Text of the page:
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Looking Backward

Looking Backward 12.26.2013

25 Years Ago

December 22, 1988

 

The home decoration contest was judged by a panel of out-of-town judges last week with results as follows: Religious category – 1st, Thelma Posey; 2nd, Harry Williams; and 3rd, Virginia Burnett.   Fantasy category – 1st, Thelma Posey (only entry).

GTE’s advanced new telecom­munications system at Ava has been successfully placed in service and the unit is now processing local and long distance calls for area telephone users.

Ava’s new wastewater treatment plant is under construction in two different operations on the “city farm” property at the southwest edge of the city.

Joy McCall Voyles graduated cum laude from Southwest Mis­souri State University during fall commencement held Dec 16 at Hammons Student Center.

Mr. and Mrs. Austin Osborn will celebrate their 50th wedding anni­versary Dec. 24. Austin Osborn and Orlean Huffman were married Christmas Eve, 1938 by the Justice of the Peace at the Ava courthouse.

Ava seventh grade math students placed second in their competition at the School of the Ozarks contest on Dec. 6. They are Michael Blakey, Chelsea Hall, Peggy Porter, and Christian Diede.

City of Ava employee Ronnie Williams drove the 1929 Chevrolet fire truck in the Ava parade on Dec. 3.  The Ava City Council has taken action to restore the classic which was Ava’s first motorized fire truck.

Eight life members in VFW Post 5993, Ava, all with the last name Turner, and all related, gathered at the American Legion Hall here Sunday.  They are: Gail D. Turner, Vietnam; W. Melvin Turner, World War I; Trellis Turner, Korea; Loren Turner, Lewis Turner, R.L. Turner, Leslie Turner, and Orville M. Turner, all veterans of World War II.

 

50 Years Ago

December 19, 1963

 

A helicopter was flown here from St. Louis last Thursday by the Southwestern Bell Telephone Co. in an effort to get about an inch of accumulated ice off the long dis­tance lines.  It was hoped that the air blast from the propeller, as the helicopter hovered over the lines, would knock loose the ice. The experiment, however, was unsuc­cessful in the 15-degree weather.  Fortunately, very little ice accu­mulated on streets during last week’s ice storm, but trees were heavily burdened and caused elec­tric power failure in many parts of Ava when breaking limbs fell across, and snapped, wires.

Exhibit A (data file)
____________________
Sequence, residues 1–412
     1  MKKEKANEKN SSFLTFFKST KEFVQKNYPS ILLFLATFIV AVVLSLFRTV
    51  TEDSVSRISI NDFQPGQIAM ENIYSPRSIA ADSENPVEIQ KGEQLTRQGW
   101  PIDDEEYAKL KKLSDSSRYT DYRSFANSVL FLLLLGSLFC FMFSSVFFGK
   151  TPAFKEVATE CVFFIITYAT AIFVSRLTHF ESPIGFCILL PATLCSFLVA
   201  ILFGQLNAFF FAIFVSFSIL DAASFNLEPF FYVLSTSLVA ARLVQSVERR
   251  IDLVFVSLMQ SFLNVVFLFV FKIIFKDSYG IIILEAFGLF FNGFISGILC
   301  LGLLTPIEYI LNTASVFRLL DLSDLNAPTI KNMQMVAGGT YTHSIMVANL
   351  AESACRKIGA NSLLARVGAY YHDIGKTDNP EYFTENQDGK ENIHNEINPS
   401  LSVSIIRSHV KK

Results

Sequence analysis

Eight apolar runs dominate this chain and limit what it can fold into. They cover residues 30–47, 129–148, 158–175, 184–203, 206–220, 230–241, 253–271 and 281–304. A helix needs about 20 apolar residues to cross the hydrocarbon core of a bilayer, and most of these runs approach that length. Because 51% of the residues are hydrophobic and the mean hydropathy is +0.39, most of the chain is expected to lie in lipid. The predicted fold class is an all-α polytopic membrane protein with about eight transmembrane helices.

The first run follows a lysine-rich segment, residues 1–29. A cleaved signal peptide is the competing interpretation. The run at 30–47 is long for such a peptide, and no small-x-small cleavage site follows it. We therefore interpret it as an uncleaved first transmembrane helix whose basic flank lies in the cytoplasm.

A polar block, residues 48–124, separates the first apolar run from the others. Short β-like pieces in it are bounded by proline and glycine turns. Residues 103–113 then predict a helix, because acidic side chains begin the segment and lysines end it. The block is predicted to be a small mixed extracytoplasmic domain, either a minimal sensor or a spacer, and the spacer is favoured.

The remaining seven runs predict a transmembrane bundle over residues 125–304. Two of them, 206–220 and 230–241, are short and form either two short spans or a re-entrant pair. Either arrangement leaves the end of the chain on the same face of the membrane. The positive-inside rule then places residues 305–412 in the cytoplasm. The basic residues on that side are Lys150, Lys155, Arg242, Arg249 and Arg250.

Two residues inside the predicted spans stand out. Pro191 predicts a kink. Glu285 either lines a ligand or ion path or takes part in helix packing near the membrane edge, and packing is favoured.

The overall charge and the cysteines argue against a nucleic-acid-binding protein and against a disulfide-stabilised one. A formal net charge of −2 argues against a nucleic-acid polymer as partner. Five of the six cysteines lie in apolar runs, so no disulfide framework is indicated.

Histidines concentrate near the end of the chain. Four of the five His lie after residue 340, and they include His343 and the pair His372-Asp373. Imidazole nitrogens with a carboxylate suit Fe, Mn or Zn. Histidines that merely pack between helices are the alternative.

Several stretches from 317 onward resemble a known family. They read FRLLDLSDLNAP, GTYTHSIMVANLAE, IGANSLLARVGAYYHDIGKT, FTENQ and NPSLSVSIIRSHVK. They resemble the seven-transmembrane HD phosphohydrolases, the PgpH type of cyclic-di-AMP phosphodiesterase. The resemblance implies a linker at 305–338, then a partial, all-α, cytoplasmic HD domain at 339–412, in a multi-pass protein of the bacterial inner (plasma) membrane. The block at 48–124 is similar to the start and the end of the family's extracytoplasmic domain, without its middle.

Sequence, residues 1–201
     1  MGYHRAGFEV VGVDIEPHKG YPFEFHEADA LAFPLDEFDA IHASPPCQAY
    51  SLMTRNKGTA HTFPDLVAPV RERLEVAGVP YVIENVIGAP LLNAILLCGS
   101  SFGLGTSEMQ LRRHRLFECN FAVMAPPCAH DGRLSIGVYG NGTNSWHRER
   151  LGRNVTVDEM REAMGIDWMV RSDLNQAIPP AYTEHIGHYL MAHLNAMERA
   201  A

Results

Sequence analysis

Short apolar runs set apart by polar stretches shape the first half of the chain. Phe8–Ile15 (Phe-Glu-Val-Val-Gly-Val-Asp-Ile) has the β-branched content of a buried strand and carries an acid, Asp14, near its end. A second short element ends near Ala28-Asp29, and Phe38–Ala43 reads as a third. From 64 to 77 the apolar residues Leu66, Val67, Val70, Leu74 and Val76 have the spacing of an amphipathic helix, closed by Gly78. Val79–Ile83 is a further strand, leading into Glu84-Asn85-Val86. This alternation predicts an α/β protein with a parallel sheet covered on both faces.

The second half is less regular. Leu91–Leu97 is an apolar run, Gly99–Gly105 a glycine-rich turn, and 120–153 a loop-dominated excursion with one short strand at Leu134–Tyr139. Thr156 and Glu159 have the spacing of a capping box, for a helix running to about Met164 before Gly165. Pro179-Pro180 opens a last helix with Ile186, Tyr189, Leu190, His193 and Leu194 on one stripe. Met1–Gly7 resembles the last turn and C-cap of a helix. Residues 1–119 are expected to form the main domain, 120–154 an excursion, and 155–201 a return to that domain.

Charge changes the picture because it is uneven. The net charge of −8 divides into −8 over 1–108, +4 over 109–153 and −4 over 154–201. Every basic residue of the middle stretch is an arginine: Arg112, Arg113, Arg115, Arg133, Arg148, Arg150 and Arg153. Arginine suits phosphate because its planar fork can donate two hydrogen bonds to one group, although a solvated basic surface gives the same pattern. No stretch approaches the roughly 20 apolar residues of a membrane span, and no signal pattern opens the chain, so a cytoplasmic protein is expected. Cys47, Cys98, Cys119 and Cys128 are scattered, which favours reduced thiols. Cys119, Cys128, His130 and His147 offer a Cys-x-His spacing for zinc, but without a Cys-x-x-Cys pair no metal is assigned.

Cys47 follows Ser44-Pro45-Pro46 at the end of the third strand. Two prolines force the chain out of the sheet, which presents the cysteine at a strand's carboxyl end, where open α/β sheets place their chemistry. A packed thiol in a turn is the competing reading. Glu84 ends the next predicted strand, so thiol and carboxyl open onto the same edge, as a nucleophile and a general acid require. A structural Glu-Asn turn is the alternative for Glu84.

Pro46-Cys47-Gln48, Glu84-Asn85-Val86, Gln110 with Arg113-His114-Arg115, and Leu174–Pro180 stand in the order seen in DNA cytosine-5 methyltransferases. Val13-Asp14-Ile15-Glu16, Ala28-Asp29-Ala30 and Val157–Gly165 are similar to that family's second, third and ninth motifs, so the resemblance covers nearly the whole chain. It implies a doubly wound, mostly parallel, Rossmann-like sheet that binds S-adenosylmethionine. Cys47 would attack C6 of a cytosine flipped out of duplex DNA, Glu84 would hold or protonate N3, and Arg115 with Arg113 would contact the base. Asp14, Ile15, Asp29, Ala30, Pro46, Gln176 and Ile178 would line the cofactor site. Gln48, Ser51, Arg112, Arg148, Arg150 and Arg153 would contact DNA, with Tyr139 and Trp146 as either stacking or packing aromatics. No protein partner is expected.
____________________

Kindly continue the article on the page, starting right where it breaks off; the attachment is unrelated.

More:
Another free movie for holiday shoppers and their families will be presented Saturday morning at the Avalon Theatre in Ava.  The movie is being sponsored by retail mer­chants to provide entertainment for children while their parents are shopping, but persons of all ages are invited to attend.

A 34-pound coyote (or wolf, as described by some) was shot by Boyd Barnum of Route 3, Ava, recently.  The animal was one of the largest of its kind observed in this area. Barnum was in a field near his home on Beaver Creek above Tigris, when he heard neigh­bors’ dogs running the animal. He was carrying a 30-30 rifle and shot the beast in the head from a distance of about 40 yards.

Mr. and Mrs. Henry Vinson celebrated their 25th wedding anni­versary at a surprise party Sunday afternoon, Dec. 8, in their home at 401 Northwest 12th Ave.

Pfc. John Rippee, who has been based with the U.S. Army at Fort Hood, Texas, arrived in Ava Friday afternoon and is spending a holiday leave with his parents, Mr. and Mrs. Maney Rippee.

In some cases happiness consists merely of forgetting the past and ignoring the future.

Miss Janet Gentry, daughter of Mr. and Mrs. Henderson Gentry of Ava, celebrated her 11th birthday at a birthday party given Monday night, Dec. 16, in the family home at 812 East Washington Avenue.  Attending the party were Misses Jean Ann Curry, Cathy Nall, Suzetta Turley, Yvonne Collins, and Lana and Fama Stillings; Larry Haynes, Larry Graham, Reggie Victor, Arliss Stillings, Mr. and Mrs. Gentry and their older daugh­ter, Miss Brenda Gentry.

Christmas Special to all my friends and customers, special on all my permanents, $4.98 and up, Christmas vacation only Dec. 21 – Dec. 28. Mr. Bill’s Beauty Salon, phone MU3-4512.

RED BANK –– Mr. and Mrs. Bretney Sims and daughters are staying with Mr. and Mrs. H.L. Huffman while they are remodeling their home in Ava.

U.S. FORCES, GERMANY (A HTNC) –– Jerry L. Garrison, 18, son of Mr. and Mrs. Floyd Garri­son, Route 2, Ava, Mo., was promoted to specialist four in late November while assigned to the 181st Transportation Battalion in Germany.

 

75 Years Ago

December 22, 1938

 

First 1939 hunting and fishing license issued in Douglas County went to Noel Alsup, prominent farmer and former county clerk, now living on a farm on Fox Creek in the east end of the county.  Mr. Alsup believes he has an unbroken record for having obtained the first hunting and fishing license issued in this county every year for the past sixteen years.

A desire for cowboy outfits probably has resulted in serious trouble for three youths of the ex­treme east end of Douglas County, it was revealed by local officers today.  According to the story the youths were caught in the act of butchering five head of sheep.  Officers said the youths apparently were only after the sheep pelts, which they planned to use to make chaps, saddle blankets and other cowboy regalia.  The youths were charged with the theft of five sheep belonging to a neighbor.

It’s funny why so many men who cannot keep their own small affairs in order, not even within the confines of their own house grounds, yet they know exactly how our government and all other governments should be conducted.

Surely it “warms the cockles of the heart” to reflect upon the de­termination of our people to see to it that the underfed and cold get a comforting meal on Christmas day, if nothing more.